"Prince of Tides."
"I don't know when my parents began their war against each other, but I do know the only prisoners they took were their children. When (we) needed to escape, we developed a ritual --- we found a silent soothing world where there was no pain, a world without mothers and fathers. But that was a long time ago, before I chose not to have a memory."
That silent, soothing world is what a addictive disorder may represent to many of us.
Often, the attraction to addictive behaviors was that they served to mediate our inner pain. For so many in recovery, abstaining from our addiction(s) results in experiencing something we have strived for and in much of our life, to stay away from --- our feelings.
In early recovery, it is the fear of feeling that will send many of us back to our addictive behaviors.
The ability to express and feel safe with feelings is something that is most often impeded at an early age. Many addicts grew up in dysfunctional or abusive homes where it was not safe to express feelings. As a result, we live with much fear, disappointment, sadness, and embarrassment. We may have witnessed anger, rage, and pain. It was a lonely time. If we showed any feelings at all, we often were rejected. We were given shame based messages as, "Big boys or girls don't cry." "Don't be a sissy." How about this one, "I will really give you something to cry about."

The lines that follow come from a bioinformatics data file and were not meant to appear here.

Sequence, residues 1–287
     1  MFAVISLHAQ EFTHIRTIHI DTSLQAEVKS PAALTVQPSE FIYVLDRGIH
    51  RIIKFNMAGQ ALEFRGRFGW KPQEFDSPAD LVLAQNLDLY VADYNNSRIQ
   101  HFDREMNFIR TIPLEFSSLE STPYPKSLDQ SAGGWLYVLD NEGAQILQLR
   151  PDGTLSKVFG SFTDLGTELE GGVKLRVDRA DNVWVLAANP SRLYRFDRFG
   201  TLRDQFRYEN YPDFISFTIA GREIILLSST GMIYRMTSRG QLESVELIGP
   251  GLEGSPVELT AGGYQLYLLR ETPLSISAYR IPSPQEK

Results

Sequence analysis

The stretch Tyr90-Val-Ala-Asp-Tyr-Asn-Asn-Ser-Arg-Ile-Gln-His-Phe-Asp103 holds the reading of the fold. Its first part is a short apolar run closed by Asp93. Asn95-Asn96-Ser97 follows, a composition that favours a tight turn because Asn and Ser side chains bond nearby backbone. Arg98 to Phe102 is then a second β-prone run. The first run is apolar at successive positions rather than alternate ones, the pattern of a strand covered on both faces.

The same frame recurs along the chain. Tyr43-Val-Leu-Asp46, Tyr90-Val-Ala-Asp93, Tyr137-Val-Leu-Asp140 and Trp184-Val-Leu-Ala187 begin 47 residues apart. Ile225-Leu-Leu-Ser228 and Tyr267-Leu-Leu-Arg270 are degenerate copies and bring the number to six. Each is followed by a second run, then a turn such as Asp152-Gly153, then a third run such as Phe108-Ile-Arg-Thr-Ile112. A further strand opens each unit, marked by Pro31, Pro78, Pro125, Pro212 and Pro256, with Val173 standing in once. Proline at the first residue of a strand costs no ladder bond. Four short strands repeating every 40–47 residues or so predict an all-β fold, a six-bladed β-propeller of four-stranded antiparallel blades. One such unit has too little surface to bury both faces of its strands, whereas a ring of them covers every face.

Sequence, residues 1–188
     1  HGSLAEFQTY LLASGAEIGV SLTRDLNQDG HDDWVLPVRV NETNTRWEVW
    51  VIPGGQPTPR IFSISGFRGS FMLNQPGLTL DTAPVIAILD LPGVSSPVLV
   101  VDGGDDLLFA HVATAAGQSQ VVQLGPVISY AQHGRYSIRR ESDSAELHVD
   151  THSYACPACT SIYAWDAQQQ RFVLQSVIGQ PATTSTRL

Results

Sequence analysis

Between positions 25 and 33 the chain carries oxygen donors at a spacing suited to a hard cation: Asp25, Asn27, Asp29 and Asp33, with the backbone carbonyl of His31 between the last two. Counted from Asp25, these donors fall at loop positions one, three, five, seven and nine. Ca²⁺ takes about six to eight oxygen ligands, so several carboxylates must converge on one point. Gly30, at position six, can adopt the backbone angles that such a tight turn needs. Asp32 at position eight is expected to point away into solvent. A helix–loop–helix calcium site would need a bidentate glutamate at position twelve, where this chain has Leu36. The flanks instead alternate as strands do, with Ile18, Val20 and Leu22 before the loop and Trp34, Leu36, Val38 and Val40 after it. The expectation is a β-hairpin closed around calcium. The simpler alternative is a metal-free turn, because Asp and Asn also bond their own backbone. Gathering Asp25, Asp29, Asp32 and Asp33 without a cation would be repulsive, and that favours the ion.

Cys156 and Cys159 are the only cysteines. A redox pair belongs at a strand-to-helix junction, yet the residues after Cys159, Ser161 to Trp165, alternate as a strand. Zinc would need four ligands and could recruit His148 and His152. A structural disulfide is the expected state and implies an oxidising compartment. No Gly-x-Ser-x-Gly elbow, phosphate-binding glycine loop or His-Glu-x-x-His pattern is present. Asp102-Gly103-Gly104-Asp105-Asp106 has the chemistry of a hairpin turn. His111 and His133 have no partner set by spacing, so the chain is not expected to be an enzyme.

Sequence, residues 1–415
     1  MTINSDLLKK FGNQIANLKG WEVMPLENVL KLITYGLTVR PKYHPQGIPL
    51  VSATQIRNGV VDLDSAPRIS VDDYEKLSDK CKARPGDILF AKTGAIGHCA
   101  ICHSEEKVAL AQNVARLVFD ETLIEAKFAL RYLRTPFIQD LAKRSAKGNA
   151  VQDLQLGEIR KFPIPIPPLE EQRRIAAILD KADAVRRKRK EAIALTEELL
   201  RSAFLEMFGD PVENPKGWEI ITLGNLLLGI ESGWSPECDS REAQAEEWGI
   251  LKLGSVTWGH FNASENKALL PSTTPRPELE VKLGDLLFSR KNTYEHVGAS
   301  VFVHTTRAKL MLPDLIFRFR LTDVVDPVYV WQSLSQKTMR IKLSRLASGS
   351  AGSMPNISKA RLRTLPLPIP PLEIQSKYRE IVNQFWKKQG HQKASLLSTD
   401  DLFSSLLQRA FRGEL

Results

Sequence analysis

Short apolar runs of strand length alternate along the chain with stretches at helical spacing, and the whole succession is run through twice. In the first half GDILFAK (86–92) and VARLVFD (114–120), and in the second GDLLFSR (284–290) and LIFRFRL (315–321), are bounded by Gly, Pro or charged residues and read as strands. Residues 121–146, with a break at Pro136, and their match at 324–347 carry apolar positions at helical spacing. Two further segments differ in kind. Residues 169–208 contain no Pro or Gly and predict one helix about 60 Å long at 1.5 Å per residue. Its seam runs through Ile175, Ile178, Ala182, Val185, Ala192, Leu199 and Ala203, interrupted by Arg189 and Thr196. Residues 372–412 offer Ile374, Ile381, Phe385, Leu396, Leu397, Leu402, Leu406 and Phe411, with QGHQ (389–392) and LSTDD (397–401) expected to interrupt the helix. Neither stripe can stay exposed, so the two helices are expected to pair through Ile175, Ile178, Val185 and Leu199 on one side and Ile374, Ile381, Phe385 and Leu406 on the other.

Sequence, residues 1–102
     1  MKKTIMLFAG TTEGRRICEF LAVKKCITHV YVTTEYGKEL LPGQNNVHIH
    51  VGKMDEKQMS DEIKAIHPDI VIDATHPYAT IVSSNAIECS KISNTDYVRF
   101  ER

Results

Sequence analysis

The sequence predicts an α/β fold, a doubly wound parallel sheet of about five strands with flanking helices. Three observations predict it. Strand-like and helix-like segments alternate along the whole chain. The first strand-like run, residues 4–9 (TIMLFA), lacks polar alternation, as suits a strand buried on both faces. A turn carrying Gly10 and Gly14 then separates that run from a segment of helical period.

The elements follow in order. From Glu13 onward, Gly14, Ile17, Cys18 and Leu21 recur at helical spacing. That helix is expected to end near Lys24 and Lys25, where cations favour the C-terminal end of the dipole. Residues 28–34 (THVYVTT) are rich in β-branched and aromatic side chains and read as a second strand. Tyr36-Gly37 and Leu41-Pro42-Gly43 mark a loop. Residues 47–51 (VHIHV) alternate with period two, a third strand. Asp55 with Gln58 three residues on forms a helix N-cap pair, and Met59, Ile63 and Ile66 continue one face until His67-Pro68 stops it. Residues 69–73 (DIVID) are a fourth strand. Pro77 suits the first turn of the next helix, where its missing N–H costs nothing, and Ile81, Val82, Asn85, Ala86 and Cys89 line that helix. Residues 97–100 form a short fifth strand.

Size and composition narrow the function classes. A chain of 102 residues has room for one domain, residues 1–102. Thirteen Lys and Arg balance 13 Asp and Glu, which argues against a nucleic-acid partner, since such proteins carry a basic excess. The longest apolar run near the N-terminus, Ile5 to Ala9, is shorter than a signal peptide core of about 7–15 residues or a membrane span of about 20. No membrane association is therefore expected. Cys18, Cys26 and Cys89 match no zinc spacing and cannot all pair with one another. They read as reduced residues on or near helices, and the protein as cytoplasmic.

A show of feeling was frequently met with disapproval, rejection, or even punishment.
The message, whether delivered overly or covertly was very clear...
"It is not okay to be your own person with individual feelings, desires or needs.
Feelings need to be avoided at all costs."
Taken from "A Hole in the Sidewalk" Claudia Black